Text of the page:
Lingo creates circles including some, pushing out others

Exploring the exclusivity and unity of language

lf17-AlyLee

Every incoming first year learns at orientation that a true University student simply cannot call a freshman, “freshman,” nor the campus, “campus.” One slip of “sophomore” and the University immediately pegs you as an outsider, or at least a very naïve newcomer. How many of us have ironically — but completely seriously — ridiculed our friends for saying “campus” or physically shuddered when an ignorant bloke asked over summer, “How was freshman year”?

Every group of humans has their own esoteric lingo. Doctors call visiting their patients “doing rounds” and getting dressed for surgery “scrubbing in.” My high school insisted on calling the cafeteria “cafo” and vacation “vac.” Football players call practice “hitting iron” and the quarterback “the Rock.” Just kidding. I made that up. I don’t know anything about football.

There is something paradoxically peculiar about the language we use in various groups. On one hand, these buzzwords and catchphrases make us feel a part of something special. Like a verbal secret handshake or inside joke, knowing the lingo of an organization makes you feel like you belong. These terms give us a sense of identity, pointing us to specific people and places in our lives we care about. 

There’s nothing more comforting than hearing your own native tongue when in a foreign country. There’s nothing more unifying than saying to a group of University friends, “Let’s all eat on the steps of the Roto,” and have everyone know exactly what you’re talking about. Disclaimer: actually, not everyone calls the Rotunda, “Roto.” I’m trying to channel Gretchen Wieners from Mean Girls and make “Roto” happen. Perhaps that’s why upperclassmen here so aggressively brainwash first-years into the University’s terminology — they want us to feel like we belong.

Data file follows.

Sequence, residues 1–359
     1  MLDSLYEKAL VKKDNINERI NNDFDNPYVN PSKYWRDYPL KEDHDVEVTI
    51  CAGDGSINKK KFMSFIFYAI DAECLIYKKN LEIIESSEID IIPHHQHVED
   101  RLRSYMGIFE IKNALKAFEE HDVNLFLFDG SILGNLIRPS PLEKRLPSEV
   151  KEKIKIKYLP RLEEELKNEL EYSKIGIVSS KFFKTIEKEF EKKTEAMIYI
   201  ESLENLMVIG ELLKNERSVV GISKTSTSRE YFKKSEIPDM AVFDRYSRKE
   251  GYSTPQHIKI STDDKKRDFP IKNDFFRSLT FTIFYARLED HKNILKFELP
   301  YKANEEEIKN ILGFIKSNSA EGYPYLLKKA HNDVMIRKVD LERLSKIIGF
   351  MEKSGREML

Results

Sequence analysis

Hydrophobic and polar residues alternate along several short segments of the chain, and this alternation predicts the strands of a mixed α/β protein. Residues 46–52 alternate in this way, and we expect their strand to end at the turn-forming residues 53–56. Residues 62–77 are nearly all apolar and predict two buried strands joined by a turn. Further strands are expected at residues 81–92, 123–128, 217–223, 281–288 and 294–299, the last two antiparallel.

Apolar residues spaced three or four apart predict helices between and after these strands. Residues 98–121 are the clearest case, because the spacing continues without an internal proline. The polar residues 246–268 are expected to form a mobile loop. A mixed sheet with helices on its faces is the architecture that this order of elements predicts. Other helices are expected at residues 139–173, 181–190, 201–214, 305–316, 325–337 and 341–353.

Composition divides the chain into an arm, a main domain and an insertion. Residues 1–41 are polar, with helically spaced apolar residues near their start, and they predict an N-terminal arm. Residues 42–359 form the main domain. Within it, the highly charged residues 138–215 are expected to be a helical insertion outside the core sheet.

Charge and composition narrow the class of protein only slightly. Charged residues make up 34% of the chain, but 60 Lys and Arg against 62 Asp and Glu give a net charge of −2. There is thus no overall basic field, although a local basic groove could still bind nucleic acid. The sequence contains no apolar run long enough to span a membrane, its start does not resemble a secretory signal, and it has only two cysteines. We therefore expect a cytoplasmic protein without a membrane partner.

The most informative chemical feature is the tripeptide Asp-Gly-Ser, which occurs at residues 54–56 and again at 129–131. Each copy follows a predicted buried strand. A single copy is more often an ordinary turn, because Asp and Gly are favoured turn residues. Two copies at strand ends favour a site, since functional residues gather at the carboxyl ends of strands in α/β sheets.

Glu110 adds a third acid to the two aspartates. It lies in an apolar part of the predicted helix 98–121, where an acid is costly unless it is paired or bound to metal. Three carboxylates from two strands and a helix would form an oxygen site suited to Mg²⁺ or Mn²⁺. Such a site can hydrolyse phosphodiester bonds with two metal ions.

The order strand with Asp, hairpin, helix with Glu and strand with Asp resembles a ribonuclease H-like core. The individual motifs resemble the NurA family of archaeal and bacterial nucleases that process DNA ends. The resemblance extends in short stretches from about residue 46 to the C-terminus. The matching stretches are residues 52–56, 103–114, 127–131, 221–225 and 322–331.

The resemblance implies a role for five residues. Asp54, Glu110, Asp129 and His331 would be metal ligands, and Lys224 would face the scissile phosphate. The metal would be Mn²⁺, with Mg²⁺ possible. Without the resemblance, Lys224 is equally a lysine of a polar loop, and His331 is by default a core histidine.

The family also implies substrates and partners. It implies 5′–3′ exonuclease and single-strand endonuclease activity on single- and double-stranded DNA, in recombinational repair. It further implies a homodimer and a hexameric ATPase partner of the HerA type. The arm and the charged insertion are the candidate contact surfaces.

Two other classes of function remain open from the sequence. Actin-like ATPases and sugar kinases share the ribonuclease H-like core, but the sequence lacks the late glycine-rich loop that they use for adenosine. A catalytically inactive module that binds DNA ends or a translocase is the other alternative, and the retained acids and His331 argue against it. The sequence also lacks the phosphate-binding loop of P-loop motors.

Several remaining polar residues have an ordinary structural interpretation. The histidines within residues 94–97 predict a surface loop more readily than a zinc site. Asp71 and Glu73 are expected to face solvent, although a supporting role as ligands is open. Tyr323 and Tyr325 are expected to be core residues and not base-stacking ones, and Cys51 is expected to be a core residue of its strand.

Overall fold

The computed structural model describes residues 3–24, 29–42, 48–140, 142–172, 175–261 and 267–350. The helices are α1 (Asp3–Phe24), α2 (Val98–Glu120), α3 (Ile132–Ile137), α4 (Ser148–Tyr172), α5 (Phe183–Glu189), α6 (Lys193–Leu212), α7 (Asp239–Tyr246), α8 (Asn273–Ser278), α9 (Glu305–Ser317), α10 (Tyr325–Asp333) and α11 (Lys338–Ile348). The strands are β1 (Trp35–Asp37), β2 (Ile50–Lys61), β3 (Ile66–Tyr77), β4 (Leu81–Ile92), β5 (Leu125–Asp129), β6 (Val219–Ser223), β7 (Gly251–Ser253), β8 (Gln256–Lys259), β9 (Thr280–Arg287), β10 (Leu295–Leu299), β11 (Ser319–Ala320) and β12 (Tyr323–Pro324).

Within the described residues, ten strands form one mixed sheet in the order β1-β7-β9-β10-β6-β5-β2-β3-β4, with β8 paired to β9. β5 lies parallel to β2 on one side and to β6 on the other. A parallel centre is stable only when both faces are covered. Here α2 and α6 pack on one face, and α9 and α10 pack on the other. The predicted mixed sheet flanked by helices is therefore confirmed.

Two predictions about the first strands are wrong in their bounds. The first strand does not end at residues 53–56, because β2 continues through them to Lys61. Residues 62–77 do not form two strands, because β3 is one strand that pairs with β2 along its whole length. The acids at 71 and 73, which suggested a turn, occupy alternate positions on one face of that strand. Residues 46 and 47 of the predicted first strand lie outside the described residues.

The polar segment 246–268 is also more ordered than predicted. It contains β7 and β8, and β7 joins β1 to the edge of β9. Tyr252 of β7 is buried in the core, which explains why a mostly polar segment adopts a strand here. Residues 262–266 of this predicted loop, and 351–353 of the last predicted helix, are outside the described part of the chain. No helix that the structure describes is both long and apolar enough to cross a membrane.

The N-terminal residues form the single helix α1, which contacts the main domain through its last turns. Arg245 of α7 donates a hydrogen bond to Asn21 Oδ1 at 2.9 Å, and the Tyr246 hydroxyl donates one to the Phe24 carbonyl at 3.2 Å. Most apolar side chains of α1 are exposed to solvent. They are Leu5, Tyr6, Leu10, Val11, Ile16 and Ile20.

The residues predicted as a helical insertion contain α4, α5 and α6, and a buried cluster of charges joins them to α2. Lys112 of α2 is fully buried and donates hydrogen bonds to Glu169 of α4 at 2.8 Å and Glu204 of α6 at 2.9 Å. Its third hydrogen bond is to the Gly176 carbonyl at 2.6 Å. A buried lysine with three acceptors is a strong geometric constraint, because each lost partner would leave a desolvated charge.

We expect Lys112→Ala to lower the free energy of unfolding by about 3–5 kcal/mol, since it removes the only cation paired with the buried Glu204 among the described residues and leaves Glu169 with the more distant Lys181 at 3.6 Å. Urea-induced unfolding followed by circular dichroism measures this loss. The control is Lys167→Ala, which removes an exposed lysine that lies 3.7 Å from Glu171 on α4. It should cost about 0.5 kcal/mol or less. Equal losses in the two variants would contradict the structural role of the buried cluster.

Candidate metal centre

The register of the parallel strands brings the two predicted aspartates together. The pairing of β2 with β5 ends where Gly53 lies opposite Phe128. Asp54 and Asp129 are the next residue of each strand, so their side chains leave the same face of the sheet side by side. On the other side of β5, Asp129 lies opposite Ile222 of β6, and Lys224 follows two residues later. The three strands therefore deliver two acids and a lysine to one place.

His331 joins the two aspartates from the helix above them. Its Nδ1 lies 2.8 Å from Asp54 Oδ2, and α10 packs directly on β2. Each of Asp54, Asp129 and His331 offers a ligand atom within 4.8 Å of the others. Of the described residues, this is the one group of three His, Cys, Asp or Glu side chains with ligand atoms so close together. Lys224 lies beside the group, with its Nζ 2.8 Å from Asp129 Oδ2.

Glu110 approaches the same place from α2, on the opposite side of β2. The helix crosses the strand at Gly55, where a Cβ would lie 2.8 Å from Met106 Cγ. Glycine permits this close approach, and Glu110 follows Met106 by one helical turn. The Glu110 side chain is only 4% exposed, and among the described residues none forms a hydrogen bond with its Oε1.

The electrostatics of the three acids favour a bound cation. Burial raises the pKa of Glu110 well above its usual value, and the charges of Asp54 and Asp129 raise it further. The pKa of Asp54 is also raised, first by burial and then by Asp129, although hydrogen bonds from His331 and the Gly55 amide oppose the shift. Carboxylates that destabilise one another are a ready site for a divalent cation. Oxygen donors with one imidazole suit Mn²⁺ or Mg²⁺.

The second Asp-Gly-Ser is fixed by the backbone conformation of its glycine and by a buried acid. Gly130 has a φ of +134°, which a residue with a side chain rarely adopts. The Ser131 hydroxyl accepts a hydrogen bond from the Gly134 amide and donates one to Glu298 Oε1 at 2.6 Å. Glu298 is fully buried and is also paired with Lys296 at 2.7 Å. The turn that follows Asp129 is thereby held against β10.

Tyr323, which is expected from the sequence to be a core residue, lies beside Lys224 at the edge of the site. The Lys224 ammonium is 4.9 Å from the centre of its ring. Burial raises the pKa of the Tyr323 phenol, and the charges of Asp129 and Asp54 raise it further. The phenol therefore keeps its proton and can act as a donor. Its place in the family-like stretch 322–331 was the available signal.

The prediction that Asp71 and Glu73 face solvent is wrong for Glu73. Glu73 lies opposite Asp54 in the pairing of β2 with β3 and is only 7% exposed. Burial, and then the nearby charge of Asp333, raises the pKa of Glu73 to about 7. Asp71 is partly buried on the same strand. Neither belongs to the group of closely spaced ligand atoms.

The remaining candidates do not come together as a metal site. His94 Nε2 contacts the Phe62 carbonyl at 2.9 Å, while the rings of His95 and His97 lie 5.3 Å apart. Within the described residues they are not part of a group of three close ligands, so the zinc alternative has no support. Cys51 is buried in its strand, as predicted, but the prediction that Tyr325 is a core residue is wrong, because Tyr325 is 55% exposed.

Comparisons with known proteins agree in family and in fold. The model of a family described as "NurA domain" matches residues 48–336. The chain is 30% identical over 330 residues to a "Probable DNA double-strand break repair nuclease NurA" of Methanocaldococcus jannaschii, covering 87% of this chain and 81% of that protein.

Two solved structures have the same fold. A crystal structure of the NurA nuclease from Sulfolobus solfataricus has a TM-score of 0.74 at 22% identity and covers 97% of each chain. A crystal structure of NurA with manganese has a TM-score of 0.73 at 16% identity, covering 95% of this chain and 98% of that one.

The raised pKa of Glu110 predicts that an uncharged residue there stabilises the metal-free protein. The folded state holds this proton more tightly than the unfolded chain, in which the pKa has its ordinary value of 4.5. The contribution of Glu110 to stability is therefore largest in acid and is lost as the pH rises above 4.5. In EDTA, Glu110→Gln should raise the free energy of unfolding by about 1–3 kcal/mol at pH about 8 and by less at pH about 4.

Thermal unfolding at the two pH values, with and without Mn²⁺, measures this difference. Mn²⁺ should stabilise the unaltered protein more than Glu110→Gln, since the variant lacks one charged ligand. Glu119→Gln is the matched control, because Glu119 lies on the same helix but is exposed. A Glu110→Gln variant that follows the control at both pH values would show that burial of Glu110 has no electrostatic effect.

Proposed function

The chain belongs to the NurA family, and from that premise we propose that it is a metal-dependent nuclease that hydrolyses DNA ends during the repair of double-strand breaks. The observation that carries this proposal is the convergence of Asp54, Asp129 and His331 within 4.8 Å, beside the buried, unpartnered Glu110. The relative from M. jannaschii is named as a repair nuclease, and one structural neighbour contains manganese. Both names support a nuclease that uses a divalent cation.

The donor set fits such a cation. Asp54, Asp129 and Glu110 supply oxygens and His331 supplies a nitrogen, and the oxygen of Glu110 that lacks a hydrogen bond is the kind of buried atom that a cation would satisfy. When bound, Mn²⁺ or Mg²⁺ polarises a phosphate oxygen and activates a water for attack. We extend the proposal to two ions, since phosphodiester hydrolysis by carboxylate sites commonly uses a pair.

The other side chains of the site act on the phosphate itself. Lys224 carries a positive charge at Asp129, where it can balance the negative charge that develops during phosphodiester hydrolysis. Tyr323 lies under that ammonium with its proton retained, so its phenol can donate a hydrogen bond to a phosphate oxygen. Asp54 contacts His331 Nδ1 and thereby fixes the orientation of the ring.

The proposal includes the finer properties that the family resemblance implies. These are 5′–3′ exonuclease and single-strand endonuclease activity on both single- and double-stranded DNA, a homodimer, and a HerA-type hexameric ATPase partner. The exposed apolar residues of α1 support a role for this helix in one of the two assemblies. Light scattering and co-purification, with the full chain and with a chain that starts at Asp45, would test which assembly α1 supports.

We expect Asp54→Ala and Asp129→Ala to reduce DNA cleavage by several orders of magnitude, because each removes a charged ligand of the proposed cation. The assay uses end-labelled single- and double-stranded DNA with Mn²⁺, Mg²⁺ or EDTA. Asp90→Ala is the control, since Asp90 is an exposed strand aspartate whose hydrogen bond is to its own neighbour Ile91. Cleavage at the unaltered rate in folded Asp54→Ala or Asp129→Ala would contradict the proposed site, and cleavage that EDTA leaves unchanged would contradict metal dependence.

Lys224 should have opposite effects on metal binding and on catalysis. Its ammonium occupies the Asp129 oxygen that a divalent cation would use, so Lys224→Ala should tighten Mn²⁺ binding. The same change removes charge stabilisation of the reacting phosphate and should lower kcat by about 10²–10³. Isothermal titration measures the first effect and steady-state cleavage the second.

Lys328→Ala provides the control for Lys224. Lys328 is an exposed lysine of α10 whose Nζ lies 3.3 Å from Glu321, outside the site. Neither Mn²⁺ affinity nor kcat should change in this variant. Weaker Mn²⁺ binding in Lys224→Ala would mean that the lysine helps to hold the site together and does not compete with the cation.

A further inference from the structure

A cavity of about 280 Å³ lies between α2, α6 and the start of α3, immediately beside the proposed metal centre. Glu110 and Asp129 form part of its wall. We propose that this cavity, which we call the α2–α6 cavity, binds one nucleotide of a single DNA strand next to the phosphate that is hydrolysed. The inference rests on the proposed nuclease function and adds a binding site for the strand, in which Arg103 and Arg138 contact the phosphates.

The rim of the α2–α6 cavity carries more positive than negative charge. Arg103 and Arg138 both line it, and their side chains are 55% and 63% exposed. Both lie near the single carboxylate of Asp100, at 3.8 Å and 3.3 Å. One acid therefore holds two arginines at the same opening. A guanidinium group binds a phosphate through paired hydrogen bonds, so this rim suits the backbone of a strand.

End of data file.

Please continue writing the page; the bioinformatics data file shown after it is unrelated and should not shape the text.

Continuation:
At the same time, this unifying experience of language ostracizes outsiders. Example A: the ignorant bloke asking about your freshman year. Example B: me thinking that football practice is called “hitting iron.” To those of us on the outskirts of a community, these strange terms become barriers. I see this play out in my own religion all the time*.

If you’ll allow me, I will show you an exaggerated version of “Christianese.” In reality, many Christians do not speak in this way, yet I write semi-satirically to exemplify my point. 

You: “How was your day?”

Me: “Oh, the Lord was just really moving today, you know? I did a lot of intentional fellowshipping with my small group and felt really filled with the Spirit. I’ve been wrestling with some doubt lately, but I’ve been washed with the blood and today was filled with a lot of fruit.”

You: “?”

To those who are not familiar with Christianity, it may have sounded like I bathed in goat’s blood and ate a lot of mangoes today. In reality, I was simply saying I saw a lot of blessings in my life due to quality time with God and with others. One of the most important parts of my life that I want to share became insular and isolated simply due to the words I chose. 

Maybe you feel this way as an avid stamp collector who just wants to share your passions but can’t seem to really get through to people about the wonders of “blind perforations” and the “Waterbury ‘Running Chicken’ of 1869.” Perhaps it’s not the object of your passions itself, but the language you use to describe it that precludes your friends from feeling included or just interested in your infatuations.  

To be honest, I don’t know where the balance lies. Where is the line between unified identity and exclusivity? When does the joy and comfort of group identity become a subtle form of discrimination? What about the other way? When does inclusivity get so broad that there are no identifiers of what makes the group unique? If language is exclusive, then why have different languages at all?

I don’t think there are any clear answers. I’d argue that this paradox of language is often what creates conflict between groups. Language should be celebrated, but should also be accessible. There is joy in the process of learning to understand the jargon of different institutions. 

Yet if that process takes too long, we can miss out on new individuals in our circles. How to do this, I don’t quite know. What I do know is that I love calling myself a second-year. I know I can’t wait to reunite with my high school friends over vac. I know that I try and speak in more normal language about my religion. And that if you were an avid stamp collector, I would love to hear about “Running Chicken,” as long as you explain what it is.

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